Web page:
(ii) Qualifications and Other Terms of the President and Members of the NCLT
The challenge essentially related to the qualifications of the Technical Members of the NCLT. The core issue at hand was that while the Supreme Court in R. Gandhi provided that “only officers who are holding the ranks of Secretaries or Additional Secretaries alone are to be considered for appointment as technical Members of the NCLT”, the 2013 Act “again makes Joint Secretary to the Government of India or equivalent officer eligible for appointment”, if he has the relevant experience. This was found to be invalid, and contrary to the ruling in R. Gandhi. The Court observed that “corrections are required to be made in Section 409(3) to set right the defects contained therein”.
(iii) Structure of Selection Committee for Appointment of Members
On this count, R. Gandhi provided for a 4-member committee to be headed by the Chief Justice of India (or nominee) with a casting vote. However, the 2013 Act provided for a 5-member committee without a casting vote to the Chief Justice of India (or nominee). Moreover, the Court found fault with the fact that in the 5-member committee, three members were from the executive branch as against two from the judiciary, which conferred a predominant say to the executive branch. Hence, the provisions relating to the selection committee were held to be invalid to that extent.
In terms of the final order, the Supreme Court noted:
33) Since, the functioning of the NCLT and NCLAT has not started so far and its high time that these Tribunals starting functioning now, we hope that the respondents shall take remedial measures as per the directions contained in this judgment at the earliest, so that the NCLT & NCLAT are adequately manned and start functioning in the near future.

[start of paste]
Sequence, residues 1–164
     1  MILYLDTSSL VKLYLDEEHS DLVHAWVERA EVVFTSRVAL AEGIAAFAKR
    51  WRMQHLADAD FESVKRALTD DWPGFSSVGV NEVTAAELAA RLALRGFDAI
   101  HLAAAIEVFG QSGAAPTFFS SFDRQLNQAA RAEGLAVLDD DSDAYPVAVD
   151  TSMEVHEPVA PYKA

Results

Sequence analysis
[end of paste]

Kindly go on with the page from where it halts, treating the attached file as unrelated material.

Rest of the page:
Implications and Way Forward
By this judgment, the Supreme Court has not only paved the way for the establishment of the NCLT, but it may also potentially lead to the notification of the remaining sections of the 2013 Act so as to make the entire legislation effective. In fact, in the paragraph quoted above, the Court seems to display enthusiasm and even a sense of urgency for the commencement of the tribunals.
The next question relates to the next steps the Government could take. Certainly, in the long run, the 2013 Act will have to be amended to bring it in line with the observations of the Supreme Court by way of a legislation approved by Parliament (or in the interim through an Ordinance). It would be interesting to see if the Government seeks to commence functioning of the tribunals even before legislative change through appropriate executive action that gives effect to the observations of the Supreme Court. In any event, it is likely to be a matter of time before we witness the tribunals taking shape.
At a broader level, this development is significant as it might likely alter the face of corporate litigation in India. While matters such as amalgamations, winding-up, and similar cases being taken out of the regular court system, one can expect greater efficiency in resolution of corporate disputes. Similarly, the most-discussed class action mechanism could potentially alter corporate behaviour. This area is bound to witness frenetic activity in the near future.